Impacts of an indigenous settlement on the taxonomic and functional structure of dung beetle communities in the Venezuelan Amazon

  • Juanita ChooEmail author
  • Bruce D. Gill
  • Alain F. Zuur
  • Eglee Zent
  • Evan P. Economo
Original Paper


In the last 50 years, traditionally nomadic indigenous communities in Amazonia have increasingly adopted more sedentary lifestyles as a result of external influences. Permanent settlements lead to the concentration of disturbances (e.g., forest extraction and hunting) and threaten vulnerable species as well as those that provide important ecosystem services such as dung beetles. Here we evaluated the abundance, taxonomic, and functional structure (composition and diversity) of an ecological indicator group—dung beetles—along a disturbance gradient associated with a permanent settlement of the Jotï people in the Amazonian region of Venezuela. We applied generalized linear model to assess the response of dung beetle abundance to settlement distance and latent variable model to assess the influence of settlement distance on taxonomic diversity and functional structure. We found the abundance of roller-species increased but small-bodied beetles decreased away from the settlement. We found that proximity to the Jotï settlement did not affect metrics of taxonomic and functional diversity of the dung beetle assemblages in general, although functional evenness was lower away from the settlement. In contrast, we found impacts on the functional composition of dung beetles, with significant increase in the community-weighted means for roller species and large-bodied dung beetles away from Jotï settlement. Our findings suggest that the transition from nomadism to a more sedentary lifestyle has not caused widespread collapse in the diversity of dung beetle assemblages surrounding the settlement, however significant trends were observed in species-specific responses to human impact, and these responses were mediated by functional traits.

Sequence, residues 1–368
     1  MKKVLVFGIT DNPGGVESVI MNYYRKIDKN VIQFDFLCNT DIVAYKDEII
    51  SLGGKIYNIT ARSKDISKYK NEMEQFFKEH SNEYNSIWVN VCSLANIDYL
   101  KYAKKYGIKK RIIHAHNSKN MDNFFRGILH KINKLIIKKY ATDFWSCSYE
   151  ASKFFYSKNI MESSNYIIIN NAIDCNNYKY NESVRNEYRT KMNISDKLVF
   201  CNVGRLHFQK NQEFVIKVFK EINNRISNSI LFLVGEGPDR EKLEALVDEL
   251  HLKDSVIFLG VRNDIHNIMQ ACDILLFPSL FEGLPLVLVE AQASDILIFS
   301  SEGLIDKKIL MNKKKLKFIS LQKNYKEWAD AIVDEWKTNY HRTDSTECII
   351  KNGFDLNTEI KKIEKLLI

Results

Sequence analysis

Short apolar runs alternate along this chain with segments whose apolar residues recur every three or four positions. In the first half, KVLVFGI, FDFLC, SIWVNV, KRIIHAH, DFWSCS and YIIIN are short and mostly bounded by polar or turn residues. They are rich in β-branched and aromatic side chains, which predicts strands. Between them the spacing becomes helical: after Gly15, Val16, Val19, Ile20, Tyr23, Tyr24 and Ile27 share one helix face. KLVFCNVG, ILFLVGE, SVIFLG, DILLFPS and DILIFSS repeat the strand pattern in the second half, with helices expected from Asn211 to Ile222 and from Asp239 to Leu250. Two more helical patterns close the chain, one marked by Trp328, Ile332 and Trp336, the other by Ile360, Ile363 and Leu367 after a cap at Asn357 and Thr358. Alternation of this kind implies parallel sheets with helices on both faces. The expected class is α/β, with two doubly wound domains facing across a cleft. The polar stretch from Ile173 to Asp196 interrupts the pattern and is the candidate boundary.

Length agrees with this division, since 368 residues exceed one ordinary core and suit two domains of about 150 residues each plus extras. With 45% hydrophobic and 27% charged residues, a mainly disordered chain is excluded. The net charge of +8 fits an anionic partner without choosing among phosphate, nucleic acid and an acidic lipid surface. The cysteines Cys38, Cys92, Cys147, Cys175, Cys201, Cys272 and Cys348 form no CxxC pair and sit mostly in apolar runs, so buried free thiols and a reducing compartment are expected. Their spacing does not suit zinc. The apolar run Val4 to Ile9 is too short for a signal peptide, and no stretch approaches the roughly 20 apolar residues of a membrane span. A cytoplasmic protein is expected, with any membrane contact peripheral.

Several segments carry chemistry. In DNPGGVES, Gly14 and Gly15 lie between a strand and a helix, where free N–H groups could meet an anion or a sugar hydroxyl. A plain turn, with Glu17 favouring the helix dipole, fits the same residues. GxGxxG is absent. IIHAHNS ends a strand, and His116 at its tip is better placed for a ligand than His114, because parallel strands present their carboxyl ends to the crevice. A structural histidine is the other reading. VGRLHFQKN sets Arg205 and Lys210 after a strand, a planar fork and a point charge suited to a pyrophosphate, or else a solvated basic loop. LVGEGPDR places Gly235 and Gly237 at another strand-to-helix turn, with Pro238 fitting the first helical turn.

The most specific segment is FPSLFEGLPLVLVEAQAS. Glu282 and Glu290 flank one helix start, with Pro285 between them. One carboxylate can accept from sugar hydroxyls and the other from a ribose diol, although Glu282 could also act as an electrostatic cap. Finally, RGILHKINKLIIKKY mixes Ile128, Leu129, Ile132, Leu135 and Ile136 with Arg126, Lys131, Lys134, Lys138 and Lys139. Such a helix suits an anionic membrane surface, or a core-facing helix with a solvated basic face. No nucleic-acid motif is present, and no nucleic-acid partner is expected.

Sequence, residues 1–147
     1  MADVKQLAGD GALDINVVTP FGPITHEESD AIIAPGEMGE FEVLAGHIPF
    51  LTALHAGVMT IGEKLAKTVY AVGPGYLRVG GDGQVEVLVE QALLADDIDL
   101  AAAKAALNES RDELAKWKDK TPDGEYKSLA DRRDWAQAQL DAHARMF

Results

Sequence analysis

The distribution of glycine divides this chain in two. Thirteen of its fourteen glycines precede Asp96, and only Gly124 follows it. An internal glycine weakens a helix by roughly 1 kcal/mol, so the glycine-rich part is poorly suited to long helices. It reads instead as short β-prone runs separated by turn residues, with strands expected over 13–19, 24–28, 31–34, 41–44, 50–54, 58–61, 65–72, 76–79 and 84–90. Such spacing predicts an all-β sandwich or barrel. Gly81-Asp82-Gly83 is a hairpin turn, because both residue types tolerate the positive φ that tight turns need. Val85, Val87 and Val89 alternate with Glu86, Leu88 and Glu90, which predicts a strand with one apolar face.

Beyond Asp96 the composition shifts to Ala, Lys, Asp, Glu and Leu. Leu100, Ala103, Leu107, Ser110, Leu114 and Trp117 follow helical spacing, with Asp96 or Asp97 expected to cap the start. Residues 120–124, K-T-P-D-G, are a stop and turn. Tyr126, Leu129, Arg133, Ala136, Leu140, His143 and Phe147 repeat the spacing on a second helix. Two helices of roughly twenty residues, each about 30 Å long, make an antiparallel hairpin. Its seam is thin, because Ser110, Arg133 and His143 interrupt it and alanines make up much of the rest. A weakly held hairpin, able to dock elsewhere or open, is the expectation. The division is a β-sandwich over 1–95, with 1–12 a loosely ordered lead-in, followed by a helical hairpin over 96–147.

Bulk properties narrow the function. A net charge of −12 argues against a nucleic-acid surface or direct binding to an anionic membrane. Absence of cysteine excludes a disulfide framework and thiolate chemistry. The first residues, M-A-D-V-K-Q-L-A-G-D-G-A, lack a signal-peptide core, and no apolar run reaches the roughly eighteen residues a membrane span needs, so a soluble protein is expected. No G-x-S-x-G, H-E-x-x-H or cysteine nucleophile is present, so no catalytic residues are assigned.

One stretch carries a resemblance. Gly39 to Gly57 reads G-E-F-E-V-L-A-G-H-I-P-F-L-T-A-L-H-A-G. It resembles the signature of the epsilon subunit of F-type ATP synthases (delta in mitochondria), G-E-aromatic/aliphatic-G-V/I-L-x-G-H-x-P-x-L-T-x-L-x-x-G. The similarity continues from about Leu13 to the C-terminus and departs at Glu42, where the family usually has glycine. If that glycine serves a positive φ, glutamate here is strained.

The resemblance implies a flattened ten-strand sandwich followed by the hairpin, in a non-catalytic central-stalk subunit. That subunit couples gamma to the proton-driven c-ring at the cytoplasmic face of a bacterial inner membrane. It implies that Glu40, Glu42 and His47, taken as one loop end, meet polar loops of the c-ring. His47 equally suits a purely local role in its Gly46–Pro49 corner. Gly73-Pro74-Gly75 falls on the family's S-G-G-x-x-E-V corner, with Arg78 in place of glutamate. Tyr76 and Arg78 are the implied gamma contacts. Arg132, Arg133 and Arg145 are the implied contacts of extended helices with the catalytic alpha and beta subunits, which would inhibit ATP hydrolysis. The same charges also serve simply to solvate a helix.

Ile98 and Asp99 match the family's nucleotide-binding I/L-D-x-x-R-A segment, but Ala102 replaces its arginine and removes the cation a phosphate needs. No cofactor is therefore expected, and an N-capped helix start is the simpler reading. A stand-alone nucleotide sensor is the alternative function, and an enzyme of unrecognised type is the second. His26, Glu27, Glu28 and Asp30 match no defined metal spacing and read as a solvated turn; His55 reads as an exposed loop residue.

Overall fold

Disturbance Functional diversity Functional evenness Functional trait Jotï Human impact 



We thank the Jotï people for their contribution and collaboration on this study and their kind hospitality during our stay with them. We are also grateful to our colleagues at Laboratorio Ecología Humana de IVIC for logistical support. We thank Cong Liu and Nicholas Friedman for their input, Kenneth Dudley for his help with Figure 1, and two anonymous reviewers for their comments on the manuscript. Funding for this research was provided by the Charles H. and Anne Morrow Lindbergh Foundation and the American Philosophical Society. J.C. and E.P.E. were supported by subsidy funding to the Okinawa Institute of Science and Technology.


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Copyright information

© Springer Nature B.V. 2019

Authors and Affiliations

  1. 1.Science and Technology GroupOkinawa Institute of Science and Technology Graduate UniversityOkinawaJapan
  2. 2.Canadian National Collection of Insects, Arachnids and Nematodes, Agriculture & Agri-Food CanadaOttawaCanada
  3. 3.Highland Statistics LtdNewburghUK
  4. 4.Department of Coastal Systems, NIOZ Royal Netherlands Institute for Sea ResearchUtrecht UniversityDen BurgThe Netherlands
  5. 5.Lab. Ecología HumanaInstituto Venezolano de Investigaciones CientíficasCaracasVenezuela
  6. 6.Biodiversity and Biocomplexity UnitOkinawa Institute of Science and Technology Graduate UniversityOkinawaJapan

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